PURTSCHER-LIKE RETINOPATHY IN SYSTEMIC VASCULITIS AND CLASS IV LUPUS NEPHRITIS: 2 CASE REPORTS

P TAN1, D LANGSFORD1, T PIANTA1, J SAVIGE1
1Northern Health, Epping, Australia

Background: Purtscher-like retinopathy is a rare and severe angiopathy mediated by retinal microembolisation and complement activation. We report two cases of Purtscher-like retinopathy in context of systemic vasculitis and lupus nephritis. The condition was demonstrated with retinal imaging using a Canon non-mydriatic retinal camera.
Case Report: A 68-year-old male presented with hypertension and acute kidney injury requiring dialysis. Lower limb palpable purpuric rash was noted. Renal biopsy demonstrated cortical infarction, which was proven to be bilateral despite patent renal arteries on angiogram. Autoimmune, vasculitic and pro-thrombotic screens found no abnormalities. Skin biopsy demonstrated leucocytoclastic vasculitis. Severe lower limb ischemia developed despite patent lower limb arteries on angiogram. He then developed increasing confusion, cardiac instability and painless visual loss. Retinal imaging found Purtscher-like retinopathy. He was treated with prednisolone, cyclophosphamide and plasma exchange. At 9 months, whilst dialysis dependent, he has made an otherwise good recovery including now normal retinal findings with restored vision.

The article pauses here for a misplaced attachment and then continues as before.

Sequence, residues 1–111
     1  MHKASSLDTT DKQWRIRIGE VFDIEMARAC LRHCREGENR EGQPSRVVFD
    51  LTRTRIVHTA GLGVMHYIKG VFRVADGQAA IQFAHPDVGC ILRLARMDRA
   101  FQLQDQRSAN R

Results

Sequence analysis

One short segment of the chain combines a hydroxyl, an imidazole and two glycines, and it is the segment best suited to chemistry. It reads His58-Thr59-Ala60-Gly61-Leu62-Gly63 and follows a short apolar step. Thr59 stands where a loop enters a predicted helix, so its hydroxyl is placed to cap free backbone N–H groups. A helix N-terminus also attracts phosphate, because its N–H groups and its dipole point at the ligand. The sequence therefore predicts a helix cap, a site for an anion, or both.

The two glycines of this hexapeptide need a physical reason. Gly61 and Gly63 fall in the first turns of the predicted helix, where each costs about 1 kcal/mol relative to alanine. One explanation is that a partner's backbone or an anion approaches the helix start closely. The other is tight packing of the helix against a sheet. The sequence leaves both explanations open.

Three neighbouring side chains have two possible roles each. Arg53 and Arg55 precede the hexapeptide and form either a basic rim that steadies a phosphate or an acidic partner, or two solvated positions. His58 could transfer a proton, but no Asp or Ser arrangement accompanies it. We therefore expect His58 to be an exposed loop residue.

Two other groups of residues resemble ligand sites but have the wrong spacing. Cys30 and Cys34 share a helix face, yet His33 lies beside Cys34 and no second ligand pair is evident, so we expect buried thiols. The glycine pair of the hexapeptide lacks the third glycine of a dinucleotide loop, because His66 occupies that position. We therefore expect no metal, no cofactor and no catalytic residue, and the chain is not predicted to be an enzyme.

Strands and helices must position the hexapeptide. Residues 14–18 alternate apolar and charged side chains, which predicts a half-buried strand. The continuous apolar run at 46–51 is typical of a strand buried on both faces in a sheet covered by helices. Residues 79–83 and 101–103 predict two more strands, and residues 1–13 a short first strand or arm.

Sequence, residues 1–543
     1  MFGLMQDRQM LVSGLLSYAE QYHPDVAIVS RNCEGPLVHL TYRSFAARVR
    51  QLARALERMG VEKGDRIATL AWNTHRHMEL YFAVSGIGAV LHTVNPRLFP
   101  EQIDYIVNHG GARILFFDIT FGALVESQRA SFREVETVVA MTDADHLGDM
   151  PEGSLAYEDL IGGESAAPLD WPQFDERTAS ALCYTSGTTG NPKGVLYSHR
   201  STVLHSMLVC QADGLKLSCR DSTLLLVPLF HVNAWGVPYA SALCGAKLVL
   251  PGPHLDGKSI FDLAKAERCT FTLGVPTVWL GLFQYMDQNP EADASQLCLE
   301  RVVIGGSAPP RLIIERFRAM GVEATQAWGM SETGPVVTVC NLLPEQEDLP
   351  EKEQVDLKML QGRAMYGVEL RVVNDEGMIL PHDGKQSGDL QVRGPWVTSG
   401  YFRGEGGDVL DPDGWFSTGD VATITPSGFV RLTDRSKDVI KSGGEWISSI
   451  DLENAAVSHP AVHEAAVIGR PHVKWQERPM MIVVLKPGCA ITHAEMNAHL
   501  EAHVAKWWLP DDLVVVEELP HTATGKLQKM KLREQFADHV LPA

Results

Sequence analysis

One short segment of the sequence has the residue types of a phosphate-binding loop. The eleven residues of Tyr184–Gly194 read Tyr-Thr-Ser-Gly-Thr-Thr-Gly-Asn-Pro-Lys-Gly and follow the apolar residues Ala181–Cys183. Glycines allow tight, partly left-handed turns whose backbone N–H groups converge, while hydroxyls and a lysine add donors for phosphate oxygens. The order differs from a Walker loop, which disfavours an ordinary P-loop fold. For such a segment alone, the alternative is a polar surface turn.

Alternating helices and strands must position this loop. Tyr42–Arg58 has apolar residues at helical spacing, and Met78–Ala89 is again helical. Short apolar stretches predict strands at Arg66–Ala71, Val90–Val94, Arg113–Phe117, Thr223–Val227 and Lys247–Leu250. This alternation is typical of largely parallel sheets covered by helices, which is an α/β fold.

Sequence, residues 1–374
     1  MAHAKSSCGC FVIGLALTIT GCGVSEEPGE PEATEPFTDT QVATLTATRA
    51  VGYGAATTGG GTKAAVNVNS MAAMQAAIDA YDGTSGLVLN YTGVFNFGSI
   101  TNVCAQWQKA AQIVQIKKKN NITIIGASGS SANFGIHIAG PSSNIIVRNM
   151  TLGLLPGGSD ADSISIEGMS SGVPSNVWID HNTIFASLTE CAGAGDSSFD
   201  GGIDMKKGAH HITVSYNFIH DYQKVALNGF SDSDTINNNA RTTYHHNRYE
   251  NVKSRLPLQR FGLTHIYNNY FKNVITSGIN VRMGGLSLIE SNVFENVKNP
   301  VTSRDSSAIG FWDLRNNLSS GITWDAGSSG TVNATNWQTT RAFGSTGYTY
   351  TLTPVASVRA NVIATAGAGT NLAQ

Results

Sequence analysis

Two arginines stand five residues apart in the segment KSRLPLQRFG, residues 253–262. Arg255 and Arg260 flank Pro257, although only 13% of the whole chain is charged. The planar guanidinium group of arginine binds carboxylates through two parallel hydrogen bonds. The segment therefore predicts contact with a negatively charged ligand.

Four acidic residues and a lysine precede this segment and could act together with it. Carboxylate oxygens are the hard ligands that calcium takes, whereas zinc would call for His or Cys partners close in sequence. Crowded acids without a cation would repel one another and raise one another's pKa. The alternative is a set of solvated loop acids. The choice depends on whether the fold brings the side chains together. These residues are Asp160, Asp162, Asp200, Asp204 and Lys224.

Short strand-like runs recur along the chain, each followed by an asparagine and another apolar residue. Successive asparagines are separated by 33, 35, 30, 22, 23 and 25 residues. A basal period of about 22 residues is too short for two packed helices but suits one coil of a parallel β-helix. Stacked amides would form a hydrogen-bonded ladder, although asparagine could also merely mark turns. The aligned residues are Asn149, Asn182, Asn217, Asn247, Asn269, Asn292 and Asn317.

A 47-year-old female presented with nephrotic syndrome, hypertension, a malar rash. She was found to have class IV lupus nephritis associated with low complement factors (C3 and C4). Antiphospholipid screen was normal. She was treated with prednisolone, hydroxychloroquine and mycophenolate. At 3 months she achieved partial remission but reported blurred vision. Retinal imaging demonstrated Purtscher-like retinopathy.
Conclusion: Purtscher-like retinopathy is a rare microvascular occlusive retinal disease that can cause painless visual loss. It is associated with complement-mediated disorders including lupus and atypical haemolytic uremic syndrome. The pathogenesis is believed to be microembolic or thrombotic with complement activation and reflects the underlying systemic disease. It may improve with successful treatment of the systemic disease.


Biography:
Pek Ghe Tan is a renal advanced trainee in Victoria, Australia. She is currently in her final year training in the Northern Hospital.

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